File synchronization software has been around for a long time and comes in many flavors. Programs and services that sync files to the cloud garner most of the attention today. Services such as Dropbox and Backblaze offer consumer and business backup solutions, and both can be used to sync files across multiple devices. But these services require a third-party provider and come with a monthly bill.
What if all you need to do is sync files from one local drive to another? For that you need a local file syncing tool, and that is what we’re going to look at today. There are so many options that we are going to focus on tools that are free-to-use or are open-source software.
What makes a good local file sync tool? The one that can adapt to many different scenarios. But that is not all. A quality tool should have the following features:
- Support for one-way and two-way synchronization
- Support for manual and automatic operation
- Rules that allow files/folders to be excluded
- Support for local drives, removable drivers, and network shares
- Run on Windows and not include any adware
Your needs may vary, but the above requirements cover most usage scenarios. Let’s start with a program that is very simple to use.
SyncFolders provides a simple-to-configure and easy-to-understand interface. Starting up the program takes you straight to the rules tab. Here, you will select a source and target folder and then provide a name for the rule.
One nice touch is the ability to have SyncFolders run a scan. This will provide you with the total size of the data to sync along with any errors it foresees. It is not a bad idea to run a scan on all but the least complex rules you create. The process tab allows you to view the status of the sync or scan process including what folder and files are in use. Users with more than a dozen rules may find the interface too limiting, but this is a top recommendation for those whose syncing needs are simple and desire a solution without any extra bells and whistles.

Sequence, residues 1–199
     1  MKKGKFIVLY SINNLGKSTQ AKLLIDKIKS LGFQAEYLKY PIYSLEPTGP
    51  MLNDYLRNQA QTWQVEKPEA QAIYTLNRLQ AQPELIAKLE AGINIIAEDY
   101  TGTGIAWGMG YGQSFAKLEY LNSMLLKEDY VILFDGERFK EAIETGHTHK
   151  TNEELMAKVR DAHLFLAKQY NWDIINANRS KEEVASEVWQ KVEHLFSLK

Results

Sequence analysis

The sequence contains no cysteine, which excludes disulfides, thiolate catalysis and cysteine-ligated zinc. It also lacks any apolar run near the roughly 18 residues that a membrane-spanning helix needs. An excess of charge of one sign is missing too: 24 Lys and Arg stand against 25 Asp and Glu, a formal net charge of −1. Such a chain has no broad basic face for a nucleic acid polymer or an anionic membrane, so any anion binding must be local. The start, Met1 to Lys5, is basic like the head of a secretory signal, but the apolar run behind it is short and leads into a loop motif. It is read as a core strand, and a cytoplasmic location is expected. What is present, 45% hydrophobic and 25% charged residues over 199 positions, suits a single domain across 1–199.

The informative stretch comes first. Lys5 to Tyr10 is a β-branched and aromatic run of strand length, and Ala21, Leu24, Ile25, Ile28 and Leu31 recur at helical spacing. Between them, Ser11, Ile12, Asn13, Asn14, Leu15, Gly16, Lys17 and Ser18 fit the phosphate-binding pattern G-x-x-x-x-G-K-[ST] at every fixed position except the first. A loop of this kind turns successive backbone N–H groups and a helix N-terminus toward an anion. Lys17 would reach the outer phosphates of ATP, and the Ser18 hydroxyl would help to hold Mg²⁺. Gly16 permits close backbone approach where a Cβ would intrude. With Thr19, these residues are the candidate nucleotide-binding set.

MirrorFolder can handle sync duties like its competitors. It takes a little more time to configure and has more options than SyncFolders, but it is not too complex for simple tasks.
What sets MirrorFolder apart from other programs is its ability to replicate a RAID-1 setup by automatically keeping two drives in sync in real-time. Most workstations and servers that require RAID-1 do so utilizing a RAID controller. MirrorFolder is an excellent solution for desktop and laptop users who want to keep an identical drive handy from which they can boot if their primary drive fails.
MirrorFolder was created using the “set and forget” principle. It runs as a service in Windows which allows it to handle syncing in the background.
Cost: $39 for a single computer license.
Synchredible is the most full-featured product in this review. But do not be alarmed because Synchredible utilizes a wizard-driven interface to guide you through configuring each task. If you need more details about the diverse options, Synchredible provides you with an explanation. Some people do not like the wizard approach to configuration, but novice users will appreciate it.
Other helpful features include the ability to group jobs and run them as one operation and have task reports mailed to you. You can also pause jobs, which is a feature not found on some of the simpler programs.
Cost: Free for personal use or $25 for professional use.
SyncToy is a surprisingly powerful little tool created by Microsoft. It was originally part of their PowerToys collection, but it quickly caught on as a helpful tool for people with large collections of photos and videos. It can sync files of any type across drives and computers. Microsoft touted it as a way for laptop users to sync their large files to a desktop PC.
One nifty feature SyncToy has always had is the ability to keep track of renamed files, and sync them without any issues. The wizard does an excellent job of walking you through setup of each task, but feels outdated compared to Synchredible.
There are many programs today that sync files to cloud services, FTP sites, and even to SharePoint servers. But they are a lot more complex to configure if all you need is to sync a few folders’ worth of data to another drive or another PC.
Synchredible is easy to use and provides by far the most options without bogging the user down in the details. It is a great option for those just getting started. The other programs here do one of two things well, and may cover your needs.
One last reminder: These programs do not include file or folder encryption of any kind. If you need to sync sensitive data, you will need to handle that with third-party solution.